Monday, August 18, 2008

Potted Gardens

Potted gardens may be more temporary than in-ground plantings, but they usually reward creative design and a liberal willingness to change. With potted gardens, you can experiment freely with combinations and new plants, especially considering that you can simply redesign these planters next season. It’s not advisable to use garden soil if it’s infertile or drains badly. You can overcome locations of shade and add pizzazz by brightening dark corners with colorful flowers in pots.

You can even extend the growing season by bringing the potted gardens indoors for the winter. You are even able to grow plants that otherwise would not see the light of day in your garden. Limited space can be used more efficiently or even broken up in large areas of landscape with the use of pots. Finally, it’s significant to keep invasive plants under control because they tend to overrun a garden.

It is vital to keep plants neat and clean through regular sprucing. This not only enhances the look of plants, but reduces the avoidance of insects and disease dilemmas. Remove all spent flowers, dead branches and dying leaves. Leaves should be dust-free by washing the plants with temperate water and gentle true soap - avoid detergent because it can create damage to buds and leaves. Cover the pot to stop soap from entering the soil. If tips of leaves become dry and brown, trim them off tidily with sharp clippers.

Humidity can be increased by laying plants on trays which are lined with a variety of pebbles and filled with warm water to about one half inch of the pot base. Keep a pot of water on the stove, if you heat with wood.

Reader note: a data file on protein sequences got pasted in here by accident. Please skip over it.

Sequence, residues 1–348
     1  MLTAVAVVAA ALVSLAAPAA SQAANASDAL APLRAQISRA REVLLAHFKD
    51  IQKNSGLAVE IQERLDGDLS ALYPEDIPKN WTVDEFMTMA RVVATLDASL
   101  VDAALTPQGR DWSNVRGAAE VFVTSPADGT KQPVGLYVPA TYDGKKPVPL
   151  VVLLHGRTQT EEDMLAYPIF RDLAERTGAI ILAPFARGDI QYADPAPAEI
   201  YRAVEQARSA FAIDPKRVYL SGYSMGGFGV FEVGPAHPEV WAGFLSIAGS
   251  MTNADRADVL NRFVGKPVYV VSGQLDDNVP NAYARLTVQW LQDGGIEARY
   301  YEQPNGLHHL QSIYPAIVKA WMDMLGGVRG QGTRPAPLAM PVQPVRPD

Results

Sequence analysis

Training contains many minor care activities that differentiate the beginner from the experienced indoor plant gardener. For example, pinching is the removal of one inch or less of the stem tip and leaf growth to incite new growth just below the tip and promote lateral branching. Pinching can be a continuous or one-time activity, depending on the desires of the plant owner. Frequent pinching will sustain a plant compressed, but suitably filled-out.

Potted gardens allow you to garden in what would otherwise be impossible locations and add life to any type of setting with colorful plantings. You can set the potted gardens in a window box and attach the pot to a deck railing or window sill. A planter that’s set down on each tread of the entry stairway is another possibility. Suspended gardens in baskets from overhead beams, pergolas and eaves can add an undeniable attraction to your home. In other words, any bit of emptiness in space can be a spot for a potted garden.

This type of gardening is quite enjoyable because it affords the opportunity to rearrange or change pots and the plants in them in a short space of time. You can combine different plants with similar light and moisture requirements, pay careful attention to the tenderness of the plants you choose and water them regularly during the summer months, with that intense heat and humidity.

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